Lucas Graves



Lucas Graves headshot

Lucas Graves is a Professor in the School of Journalism and Mass Communication. His research focuses on new organizations and practices in the emerging news ecosystem, and more broadly on the challenges digital networks pose to established media and political institutions. His book Deciding What’s True: The Rise of Political Fact-Checking in American Journalism came out in 2016 from Columbia University Press.

Graves writes and speaks widely on topics relating to the news, politics, and new media, including political fact-checking, annotative journalism, net neutrality, and the open-source movement. His work has appeared in the New York Times, the Columbia Journalism Review and the Nieman Journalism Lab at Harvard University, as well as numerous scholarly journals including Journal of Communication, International Journal of Communication, and Journalism: Theory, Practice, Criticism. He is a co-author of The Story So Far: What We Know About the Business of Digital Journalism, from Columbia University Press and the Tow Center for Digital Journalism. 

At SJMC Graves teaches both practical and conceptual courses including J618, Mass Media and Political Behavior; J561, Mass Communication and Society; and J335, Intermediate Reporting. He also regularly offers “Data, Fact, Truth,” an advanced graduate seminar on journalism as a form of knowledge production. In 2016 he and colleague Michael Wagner received a Baldwin Idea Grant to develop an innovative explanatory journalism curriculum built around a live fact-checking site.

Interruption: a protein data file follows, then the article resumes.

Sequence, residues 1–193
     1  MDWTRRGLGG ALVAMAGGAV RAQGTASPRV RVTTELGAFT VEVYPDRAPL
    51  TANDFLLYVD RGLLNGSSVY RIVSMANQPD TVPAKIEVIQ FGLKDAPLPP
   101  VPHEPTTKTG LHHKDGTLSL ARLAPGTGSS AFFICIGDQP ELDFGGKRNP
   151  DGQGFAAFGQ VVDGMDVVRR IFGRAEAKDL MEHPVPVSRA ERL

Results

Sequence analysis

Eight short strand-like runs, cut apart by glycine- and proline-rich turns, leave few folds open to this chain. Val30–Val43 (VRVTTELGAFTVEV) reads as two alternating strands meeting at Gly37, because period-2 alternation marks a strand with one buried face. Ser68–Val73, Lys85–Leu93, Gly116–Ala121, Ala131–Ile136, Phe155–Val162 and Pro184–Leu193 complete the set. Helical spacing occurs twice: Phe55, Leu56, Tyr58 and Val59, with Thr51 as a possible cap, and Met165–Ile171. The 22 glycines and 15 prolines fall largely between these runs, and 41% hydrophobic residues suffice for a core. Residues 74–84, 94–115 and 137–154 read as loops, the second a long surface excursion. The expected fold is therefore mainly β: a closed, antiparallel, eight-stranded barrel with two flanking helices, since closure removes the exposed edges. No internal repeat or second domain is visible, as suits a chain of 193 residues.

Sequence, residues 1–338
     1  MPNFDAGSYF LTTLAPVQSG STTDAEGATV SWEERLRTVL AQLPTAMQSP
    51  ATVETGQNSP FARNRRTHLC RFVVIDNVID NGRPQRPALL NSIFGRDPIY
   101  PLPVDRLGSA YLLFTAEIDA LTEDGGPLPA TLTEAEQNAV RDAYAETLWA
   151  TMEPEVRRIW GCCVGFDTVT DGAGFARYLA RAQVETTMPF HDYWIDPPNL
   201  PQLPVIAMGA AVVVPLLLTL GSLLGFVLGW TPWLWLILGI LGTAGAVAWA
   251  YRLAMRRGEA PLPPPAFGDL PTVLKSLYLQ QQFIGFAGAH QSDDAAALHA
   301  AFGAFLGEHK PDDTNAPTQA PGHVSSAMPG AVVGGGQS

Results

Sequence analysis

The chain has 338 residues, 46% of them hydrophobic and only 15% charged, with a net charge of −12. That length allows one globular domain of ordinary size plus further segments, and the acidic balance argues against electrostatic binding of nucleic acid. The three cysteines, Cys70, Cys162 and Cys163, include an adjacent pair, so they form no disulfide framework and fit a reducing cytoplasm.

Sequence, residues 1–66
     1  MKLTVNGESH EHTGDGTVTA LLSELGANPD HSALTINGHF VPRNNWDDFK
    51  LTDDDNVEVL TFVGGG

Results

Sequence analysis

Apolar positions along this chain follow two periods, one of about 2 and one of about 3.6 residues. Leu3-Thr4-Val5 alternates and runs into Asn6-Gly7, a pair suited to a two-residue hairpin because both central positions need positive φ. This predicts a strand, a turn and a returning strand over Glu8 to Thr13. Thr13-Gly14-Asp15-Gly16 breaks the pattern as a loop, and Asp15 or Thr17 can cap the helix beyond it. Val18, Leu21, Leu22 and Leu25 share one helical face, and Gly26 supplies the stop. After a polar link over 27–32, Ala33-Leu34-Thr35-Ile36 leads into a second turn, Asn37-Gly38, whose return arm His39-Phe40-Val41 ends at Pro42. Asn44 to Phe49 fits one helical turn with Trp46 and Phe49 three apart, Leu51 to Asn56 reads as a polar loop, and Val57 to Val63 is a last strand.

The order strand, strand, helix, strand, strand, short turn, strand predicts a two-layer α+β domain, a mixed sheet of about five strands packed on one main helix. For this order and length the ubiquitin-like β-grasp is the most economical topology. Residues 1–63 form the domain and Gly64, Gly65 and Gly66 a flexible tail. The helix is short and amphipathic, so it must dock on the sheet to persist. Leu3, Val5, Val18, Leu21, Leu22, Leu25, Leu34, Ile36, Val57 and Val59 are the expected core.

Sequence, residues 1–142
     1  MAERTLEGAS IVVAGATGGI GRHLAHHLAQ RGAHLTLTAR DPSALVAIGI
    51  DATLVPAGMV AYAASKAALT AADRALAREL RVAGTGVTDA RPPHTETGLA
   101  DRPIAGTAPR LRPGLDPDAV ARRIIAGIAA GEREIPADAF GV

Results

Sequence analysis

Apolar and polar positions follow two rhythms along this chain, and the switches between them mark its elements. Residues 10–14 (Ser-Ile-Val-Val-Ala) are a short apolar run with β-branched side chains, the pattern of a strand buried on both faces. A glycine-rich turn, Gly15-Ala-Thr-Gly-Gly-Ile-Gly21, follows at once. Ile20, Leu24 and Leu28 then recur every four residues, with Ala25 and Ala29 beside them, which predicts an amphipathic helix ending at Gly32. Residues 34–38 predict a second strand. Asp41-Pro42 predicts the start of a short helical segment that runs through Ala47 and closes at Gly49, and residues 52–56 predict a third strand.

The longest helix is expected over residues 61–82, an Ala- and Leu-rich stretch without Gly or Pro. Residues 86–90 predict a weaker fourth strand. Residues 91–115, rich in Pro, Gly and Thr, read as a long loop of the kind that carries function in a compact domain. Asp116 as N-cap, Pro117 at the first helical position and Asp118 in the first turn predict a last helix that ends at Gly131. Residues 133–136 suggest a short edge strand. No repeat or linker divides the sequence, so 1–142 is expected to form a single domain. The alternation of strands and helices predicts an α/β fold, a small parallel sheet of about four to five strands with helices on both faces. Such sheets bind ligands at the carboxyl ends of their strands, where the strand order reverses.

Graves is affiliated with UW’s Holtz Center for Science & Technology Studies and with the Center for Communication and Democracy. He has been a research fellow at the New America Foundation in Washington, DC, and the Institute for Social and Economic Research and Policy at Columbia University in New York. His research has been supported by the American Press Institute, the Poynter Institute, the Duke Reporters’ Lab and the Reuters Institute for the Study of Journalism.

Before joining the faculty of SJMC, Graves worked as a magazine journalist and as a media and technology analyst. He has written dozens of articles for Wired magazine on topics as varied as citizen journalism, doomsday cults, and the future of advertising; his work has also appeared in InterviewTime Out New YorkFood & WineThe Brooklyn Rail, and many other publications. From 1999 to 2002 Graves was an analyst at Jupiter Research, from New York City and then São Paulo.

Graves received his doctorate and an M.S. in journalism from Columbia University. He holds a B.A. in political science from the University of Chicago. His Twitter handle is @gravesmatter.